us. We used to beg for lumps of sugar like children nowadays beg for
"PA ALWAYS raised enough rice to do
us. He built a tight little room to put the rice in after it was threshed
out and cleaned.
"I remember one Spring there was a
late frost, in April I think It was, and everybody’s gardens and truck
patches were killed. Many families were already about out of what they had
saved over to run till Spring, and some people were absolutely without
anything at all and moved away. We still had plenty of rice and we had
"That is what we lived on until Pa
could put out another garden and it grew up. We would eat rice one day and
cabbage the next till one time Ma said ‘Let’s try a cabbage and rice
pilau.’ So she made it and we all liked it, but we sure did get tired of
cabbage and rice. Pa gave lots
of it away.
"We generally had plenty of
meat. There were lots of deer in the woods in those days and a lot of
venison was wasted. Deer hams could be sold in Tampa, and some men would
cut out the hams and leave the rest of the deer wherever they had killed
It. But Pa never did that. He sold hams In Tampa to buy our shoes and
other things, but he always brought the deer home, and if we didn’t eat it
at the time we would dry it.
"We dried turkey breasts, too. If
we had two or three turkeys at a
time Ma would cut off the breast meat, salt it down and then after it had
taken salt would string them up and hang them in the sun to dry. When it
was sliced and fried It was fine. Of course we had plenty.
There were not any free schools in
those days. The neighbors who lived close together would join in and hire
a teacher. My first teacher was an old man named Davis. He taught school
in my ‘Grand. father Howard’s barn. The men made benches and put them
along the sides of the wall, they were split logs smoothed with a plane
with wooden legs pegged into them.
We didn’t have any black beards nor
any slates. A few had pencils and paper, but paper was scarce. When.a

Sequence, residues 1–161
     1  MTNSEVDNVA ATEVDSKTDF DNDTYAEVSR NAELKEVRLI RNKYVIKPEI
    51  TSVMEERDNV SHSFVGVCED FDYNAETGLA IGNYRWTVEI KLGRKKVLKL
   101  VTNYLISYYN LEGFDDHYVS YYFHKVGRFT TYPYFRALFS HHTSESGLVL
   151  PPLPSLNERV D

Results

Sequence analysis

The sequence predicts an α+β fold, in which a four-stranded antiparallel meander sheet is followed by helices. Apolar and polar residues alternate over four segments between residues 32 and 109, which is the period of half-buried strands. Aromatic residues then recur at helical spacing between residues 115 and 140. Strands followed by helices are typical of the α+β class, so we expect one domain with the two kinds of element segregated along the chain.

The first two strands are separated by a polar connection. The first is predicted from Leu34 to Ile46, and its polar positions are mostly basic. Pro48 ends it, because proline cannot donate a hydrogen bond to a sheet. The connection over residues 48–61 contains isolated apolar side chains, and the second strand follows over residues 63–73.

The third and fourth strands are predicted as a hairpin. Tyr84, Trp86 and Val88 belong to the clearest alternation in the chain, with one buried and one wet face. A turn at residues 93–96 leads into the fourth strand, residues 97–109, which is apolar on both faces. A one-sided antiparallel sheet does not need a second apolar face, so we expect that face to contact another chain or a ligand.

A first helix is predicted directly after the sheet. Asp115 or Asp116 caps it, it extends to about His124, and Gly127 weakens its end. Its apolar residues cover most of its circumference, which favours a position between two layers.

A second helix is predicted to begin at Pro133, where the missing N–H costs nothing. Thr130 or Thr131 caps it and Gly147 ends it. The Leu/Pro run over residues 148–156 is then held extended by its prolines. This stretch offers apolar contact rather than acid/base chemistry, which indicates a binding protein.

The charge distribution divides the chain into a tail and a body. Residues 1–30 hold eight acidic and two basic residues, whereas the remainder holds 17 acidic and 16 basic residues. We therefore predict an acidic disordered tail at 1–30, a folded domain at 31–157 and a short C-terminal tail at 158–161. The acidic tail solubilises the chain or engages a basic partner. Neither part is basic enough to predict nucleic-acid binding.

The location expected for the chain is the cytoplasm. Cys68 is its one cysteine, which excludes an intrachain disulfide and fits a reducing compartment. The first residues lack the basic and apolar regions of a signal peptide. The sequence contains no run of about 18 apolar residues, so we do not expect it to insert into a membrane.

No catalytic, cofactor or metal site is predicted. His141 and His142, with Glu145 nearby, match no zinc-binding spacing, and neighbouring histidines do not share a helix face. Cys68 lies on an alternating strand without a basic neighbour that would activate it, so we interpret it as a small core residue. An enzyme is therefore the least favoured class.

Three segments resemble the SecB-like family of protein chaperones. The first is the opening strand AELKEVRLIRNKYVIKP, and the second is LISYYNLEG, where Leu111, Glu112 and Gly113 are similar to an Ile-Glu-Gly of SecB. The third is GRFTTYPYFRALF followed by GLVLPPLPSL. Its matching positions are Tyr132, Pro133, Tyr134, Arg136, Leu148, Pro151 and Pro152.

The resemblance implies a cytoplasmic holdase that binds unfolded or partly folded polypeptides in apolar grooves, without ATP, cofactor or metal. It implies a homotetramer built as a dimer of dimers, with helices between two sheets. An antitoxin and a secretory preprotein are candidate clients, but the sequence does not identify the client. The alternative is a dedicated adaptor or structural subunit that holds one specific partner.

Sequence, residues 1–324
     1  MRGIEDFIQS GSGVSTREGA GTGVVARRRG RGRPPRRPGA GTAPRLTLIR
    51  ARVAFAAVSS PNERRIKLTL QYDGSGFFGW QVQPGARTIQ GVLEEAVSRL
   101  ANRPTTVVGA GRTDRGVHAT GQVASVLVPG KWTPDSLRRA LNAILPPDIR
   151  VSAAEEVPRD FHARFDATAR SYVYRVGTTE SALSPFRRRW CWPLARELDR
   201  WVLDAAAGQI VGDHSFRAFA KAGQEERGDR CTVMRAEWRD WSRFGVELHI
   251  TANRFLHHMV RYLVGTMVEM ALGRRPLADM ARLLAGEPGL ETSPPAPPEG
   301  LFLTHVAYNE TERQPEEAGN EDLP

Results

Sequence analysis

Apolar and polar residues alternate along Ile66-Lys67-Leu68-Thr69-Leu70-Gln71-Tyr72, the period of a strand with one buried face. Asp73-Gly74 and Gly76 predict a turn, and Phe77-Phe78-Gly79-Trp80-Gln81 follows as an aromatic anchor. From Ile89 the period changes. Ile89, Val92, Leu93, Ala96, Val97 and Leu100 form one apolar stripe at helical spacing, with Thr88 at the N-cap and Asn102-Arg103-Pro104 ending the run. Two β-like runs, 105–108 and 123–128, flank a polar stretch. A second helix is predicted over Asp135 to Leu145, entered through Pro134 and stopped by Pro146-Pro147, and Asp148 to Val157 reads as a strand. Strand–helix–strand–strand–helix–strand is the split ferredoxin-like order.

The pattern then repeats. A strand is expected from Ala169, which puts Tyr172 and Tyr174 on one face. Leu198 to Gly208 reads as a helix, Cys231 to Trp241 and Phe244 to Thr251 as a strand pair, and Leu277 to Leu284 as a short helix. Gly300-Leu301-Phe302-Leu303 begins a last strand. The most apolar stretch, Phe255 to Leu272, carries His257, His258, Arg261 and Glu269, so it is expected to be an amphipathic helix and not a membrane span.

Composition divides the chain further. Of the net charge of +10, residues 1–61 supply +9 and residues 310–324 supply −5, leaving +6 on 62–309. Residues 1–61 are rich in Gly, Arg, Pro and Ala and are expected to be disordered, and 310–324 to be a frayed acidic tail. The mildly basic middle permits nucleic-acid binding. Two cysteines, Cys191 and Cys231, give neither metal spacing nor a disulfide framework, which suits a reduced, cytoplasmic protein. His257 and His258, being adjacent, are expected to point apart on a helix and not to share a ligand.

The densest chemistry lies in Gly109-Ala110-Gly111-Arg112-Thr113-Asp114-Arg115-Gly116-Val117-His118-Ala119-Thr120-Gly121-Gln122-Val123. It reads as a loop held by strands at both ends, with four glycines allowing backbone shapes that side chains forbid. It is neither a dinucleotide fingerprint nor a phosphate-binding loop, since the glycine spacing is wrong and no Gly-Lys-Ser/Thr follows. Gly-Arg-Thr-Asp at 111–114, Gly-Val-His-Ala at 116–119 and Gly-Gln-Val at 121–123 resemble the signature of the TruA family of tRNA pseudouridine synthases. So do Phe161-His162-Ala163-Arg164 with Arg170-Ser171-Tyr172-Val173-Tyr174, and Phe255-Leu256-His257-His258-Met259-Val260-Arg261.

child got a sheet of writing paper he thought he had something wonderful.
At my second school the big boys and
girls had slates. We little ones had the Blue Backed Speller. It had
reading in It, and that is all we had to study out of. I went with my two
elder half-sisters, and besides us there were my grandfather’s three boys
and two girls, the Roberts children, Lizzie Tucker, two Hendry girls and a
boy of the name of Dan Pate. Yes, there was an Arnoa girl, too.
My next school was taught by a young
man named Buddie Payne. The schoolhouse was in a harnmock this side of
where the New Zion Church is now. I’d not learn much from him, for be put
in all his time with the big boys and girls. We little ones had
only one lesson a day.
"My third school was taught by Miss
Lizzie Berry, It was called the Taylor school and was five miles from
home. My two half-sisters, my little brother Naaman and I went from our
house. The other childreni were the Taylors, Knights, Wingates, Stevens,
Harrises and Pitts, I studied the Blue sacked Speller and a reader. I had
a pencil and paper. I don’t remember any blackboard in this school.
"WE CARRIED OUR dinner in tin
buckets—if we could get the buckets, Some of us had to use homemade
baskets that some of the family had made out of strips of inner bark of
"They were all right, but everybody
had baskets of this kind of all sizes from little to big, while tin
buckets had to be bought at the store. and that made us feel like they
were more valuable.
"Our dinner usually consisted of
corn bread, rice, and meat of some kind. Sometimes
we had biscuits, but flour wasn’t as
plentiful as corn was. We didn’t always have flour, but we always had corn
meal, grits, and rice. One of the best things we had was sweet potato
pone. It was made of grated sweet potatoes, eggs and spice and sweetened
with some of our homemade sugar.
"We had to walk five miles
to Miss Berry’s school. We took a path through the woods and we often saw
Sometimes mother would carry Naaman part of the way on
her back. She would talk and laugh with us and tell us stories, and we
loved for her to go home with us to stay all night. Then, of course, we
would have her to go along with us back to school the next morning.
"AT RECESS WE played ball and Three Old Cats. Sometimes
the boys played Bull Pen. Boys and girls did not play together. We girls
played such games as Dare Base, Poison Stick and Wood Tag. I was almost
grown before we learned to play Handkerchief and Go In and Out the
Windows. Singing games like Skip to Ma Lou came in at about this same
"We had recitations on Friday afternoons. Some of the
neighbors would come in to hear us and most all, of us learned little
pieces to recite. We would sing songs, too. We never had a Christmas tree
at school nor at home either, but we always hung up our stockings.
Sometimes we would get a little toy made out of wood, but we never got any
china dolls. Our dolls were all homemade. We always got candy and
sometimes an apple.
"We never had parties. I didn’t know what parties were.
If we had anything like that we would all get together and go to the creek
to fish and have a fish dinner. Of course we went to church and had church
dinners on Sunday. We generally would camp out on Christmas night and next
morning kill deer or wild turkeys to cook for our dinner. Times have
changed a lot since then."
Aunt Molly died last June
28th In the Palmetto Clinic at Wauchula and is buried In the New Zion
Cemetery, between ,Wauchula and Myakka City.